Zapping memory and C++ compatibility

ghudson@MIT.EDU ghudson at MIT.EDU
Fri Nov 20 23:45:40 EST 2009

Back in 2002 or so, people noticed that certain compilers (I think gcc
3.x and Visual C++) would sometimes optimize out a memset() which they
could prove doesn't affect the execution of the program according to
standardized behaviors (which doesn't include accessing stack garbage
or the contents of core dumps or anything of that sort).  So, there
was a lot of discussion about how to securely zero passwords or
cryptographic keys.

We had out own discussion, which you can review at
The eventual upshot was this collection of macros or inlines:

Win32: #define krb5int_zap_data(ptr, len) SecureZeroMemory(ptr, len)
gcc:   static inline void krb5int_zap_data(void *ptr, size_t len) {
       memset(ptr, 0, len); asm volatile ("" : : "g" (ptr), "g" (len)); }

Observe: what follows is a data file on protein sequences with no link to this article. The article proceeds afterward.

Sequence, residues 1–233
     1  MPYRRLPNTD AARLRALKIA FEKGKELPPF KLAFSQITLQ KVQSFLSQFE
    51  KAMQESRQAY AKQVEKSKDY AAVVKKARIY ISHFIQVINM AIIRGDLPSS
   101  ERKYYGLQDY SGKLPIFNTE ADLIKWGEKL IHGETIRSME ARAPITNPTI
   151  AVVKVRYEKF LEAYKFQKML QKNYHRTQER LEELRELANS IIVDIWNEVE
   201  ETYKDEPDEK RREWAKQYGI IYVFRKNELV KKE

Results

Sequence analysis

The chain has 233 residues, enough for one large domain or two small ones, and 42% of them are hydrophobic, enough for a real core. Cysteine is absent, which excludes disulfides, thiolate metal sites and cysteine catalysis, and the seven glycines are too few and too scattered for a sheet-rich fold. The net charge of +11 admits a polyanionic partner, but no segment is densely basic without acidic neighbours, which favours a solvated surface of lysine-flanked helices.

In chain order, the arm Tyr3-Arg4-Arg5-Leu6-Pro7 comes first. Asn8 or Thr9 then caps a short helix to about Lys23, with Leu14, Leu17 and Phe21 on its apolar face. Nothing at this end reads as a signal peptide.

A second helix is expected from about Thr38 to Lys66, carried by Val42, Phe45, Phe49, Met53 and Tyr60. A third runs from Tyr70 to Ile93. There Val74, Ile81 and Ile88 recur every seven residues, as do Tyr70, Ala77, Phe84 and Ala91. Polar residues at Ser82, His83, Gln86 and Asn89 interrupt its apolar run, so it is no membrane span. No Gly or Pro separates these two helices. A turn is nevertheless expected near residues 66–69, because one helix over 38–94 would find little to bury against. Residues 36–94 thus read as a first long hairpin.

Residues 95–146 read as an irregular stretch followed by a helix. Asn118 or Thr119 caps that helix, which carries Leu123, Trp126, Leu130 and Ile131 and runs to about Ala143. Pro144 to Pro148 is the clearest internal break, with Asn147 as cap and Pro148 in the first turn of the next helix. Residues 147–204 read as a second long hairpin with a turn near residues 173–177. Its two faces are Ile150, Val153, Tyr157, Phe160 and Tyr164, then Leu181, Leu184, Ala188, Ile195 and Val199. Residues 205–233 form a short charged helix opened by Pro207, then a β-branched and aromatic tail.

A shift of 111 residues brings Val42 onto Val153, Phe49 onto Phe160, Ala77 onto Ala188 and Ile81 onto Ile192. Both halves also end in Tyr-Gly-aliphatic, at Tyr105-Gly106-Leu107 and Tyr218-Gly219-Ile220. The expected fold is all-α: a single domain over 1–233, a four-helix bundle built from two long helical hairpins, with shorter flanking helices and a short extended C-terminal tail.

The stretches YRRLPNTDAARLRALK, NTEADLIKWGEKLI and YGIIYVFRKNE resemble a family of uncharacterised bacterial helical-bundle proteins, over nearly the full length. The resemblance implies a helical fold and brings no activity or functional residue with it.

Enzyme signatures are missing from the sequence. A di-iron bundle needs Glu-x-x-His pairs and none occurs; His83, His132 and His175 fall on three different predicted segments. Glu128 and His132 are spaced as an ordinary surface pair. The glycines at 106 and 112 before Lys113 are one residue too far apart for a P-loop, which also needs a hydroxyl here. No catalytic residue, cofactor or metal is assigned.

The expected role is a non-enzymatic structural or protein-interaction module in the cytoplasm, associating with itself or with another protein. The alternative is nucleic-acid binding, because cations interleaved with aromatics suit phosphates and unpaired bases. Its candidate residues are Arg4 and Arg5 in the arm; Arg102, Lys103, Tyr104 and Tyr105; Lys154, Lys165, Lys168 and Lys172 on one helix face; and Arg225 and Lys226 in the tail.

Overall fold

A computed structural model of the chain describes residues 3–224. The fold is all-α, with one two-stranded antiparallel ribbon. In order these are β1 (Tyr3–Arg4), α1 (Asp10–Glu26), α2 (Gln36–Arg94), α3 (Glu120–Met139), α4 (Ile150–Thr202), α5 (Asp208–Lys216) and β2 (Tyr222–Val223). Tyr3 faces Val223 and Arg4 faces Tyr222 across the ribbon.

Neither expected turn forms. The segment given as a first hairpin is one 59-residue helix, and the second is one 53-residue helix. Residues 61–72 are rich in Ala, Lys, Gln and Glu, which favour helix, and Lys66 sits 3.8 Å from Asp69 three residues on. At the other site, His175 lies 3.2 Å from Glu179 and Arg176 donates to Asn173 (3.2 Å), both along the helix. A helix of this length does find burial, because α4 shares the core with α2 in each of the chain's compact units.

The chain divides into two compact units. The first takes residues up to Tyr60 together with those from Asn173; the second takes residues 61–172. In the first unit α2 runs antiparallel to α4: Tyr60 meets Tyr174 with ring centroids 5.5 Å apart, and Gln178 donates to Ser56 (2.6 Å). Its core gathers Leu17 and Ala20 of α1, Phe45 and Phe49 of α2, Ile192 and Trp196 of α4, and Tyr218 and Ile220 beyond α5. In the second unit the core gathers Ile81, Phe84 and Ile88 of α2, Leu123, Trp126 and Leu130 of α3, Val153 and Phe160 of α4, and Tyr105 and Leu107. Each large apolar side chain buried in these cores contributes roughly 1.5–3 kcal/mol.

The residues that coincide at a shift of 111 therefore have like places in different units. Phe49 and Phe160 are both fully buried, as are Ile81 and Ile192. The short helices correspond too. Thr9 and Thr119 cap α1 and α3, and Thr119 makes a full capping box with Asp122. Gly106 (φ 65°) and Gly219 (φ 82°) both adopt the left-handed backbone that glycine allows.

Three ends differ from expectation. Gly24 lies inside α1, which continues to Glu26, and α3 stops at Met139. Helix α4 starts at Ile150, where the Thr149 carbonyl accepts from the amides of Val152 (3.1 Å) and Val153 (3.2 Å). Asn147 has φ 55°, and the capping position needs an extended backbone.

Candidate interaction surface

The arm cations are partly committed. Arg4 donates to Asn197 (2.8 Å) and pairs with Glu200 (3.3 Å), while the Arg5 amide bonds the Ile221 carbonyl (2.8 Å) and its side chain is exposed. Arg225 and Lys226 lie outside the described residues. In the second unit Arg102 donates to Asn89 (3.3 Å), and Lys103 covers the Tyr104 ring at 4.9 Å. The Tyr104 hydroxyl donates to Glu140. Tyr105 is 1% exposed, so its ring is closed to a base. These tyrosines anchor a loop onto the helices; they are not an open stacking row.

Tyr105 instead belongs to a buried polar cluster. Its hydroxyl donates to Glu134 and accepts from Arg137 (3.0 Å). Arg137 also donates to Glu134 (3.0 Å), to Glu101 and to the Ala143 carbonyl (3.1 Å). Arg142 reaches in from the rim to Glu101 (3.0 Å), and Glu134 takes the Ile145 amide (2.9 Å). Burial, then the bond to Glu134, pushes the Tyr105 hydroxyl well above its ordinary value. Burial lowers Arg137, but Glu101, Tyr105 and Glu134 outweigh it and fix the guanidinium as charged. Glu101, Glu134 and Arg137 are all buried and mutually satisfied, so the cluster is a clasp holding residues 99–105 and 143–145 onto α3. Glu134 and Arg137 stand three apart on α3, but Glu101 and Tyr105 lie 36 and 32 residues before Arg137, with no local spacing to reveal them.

else:  #define krb5int_zap_data(ptr, len) memset((volatile void *)ptr, 0, len)

The last construction was based on the idea that a hypothetical
compiler might see the cast through volatile void * and decide not to
perform an optimization.  It's not clear to me how valid this
reasoning is, since neither the proximal type (after the implicit cast
to void * by the call to memset) nor the original type is volatile.

Today's problem is that the last construction isn't valid C++.  We
have a test case which tries passing k5-int.h through C++ compiler,
and it now fails on Solaris with the native compiler.  It didn't fail
before because the macro was never expanded within k5-int.h, but now
it gets expanded by the new zapfree() inline function.

So, I'm trying to figure out how to resolve this C++ compatibility
issue without raising the likelihood of an information leakage
vulnerability.  A possible choice is to make the macro more obviously
wishy-washy by explicitly casting ptr back to void *:

  memset((void *)(volatile void *)ptr, 0, len)

Anyway, advice appreciated if anyone on the list has expertise in this

More information about the krbdev mailing list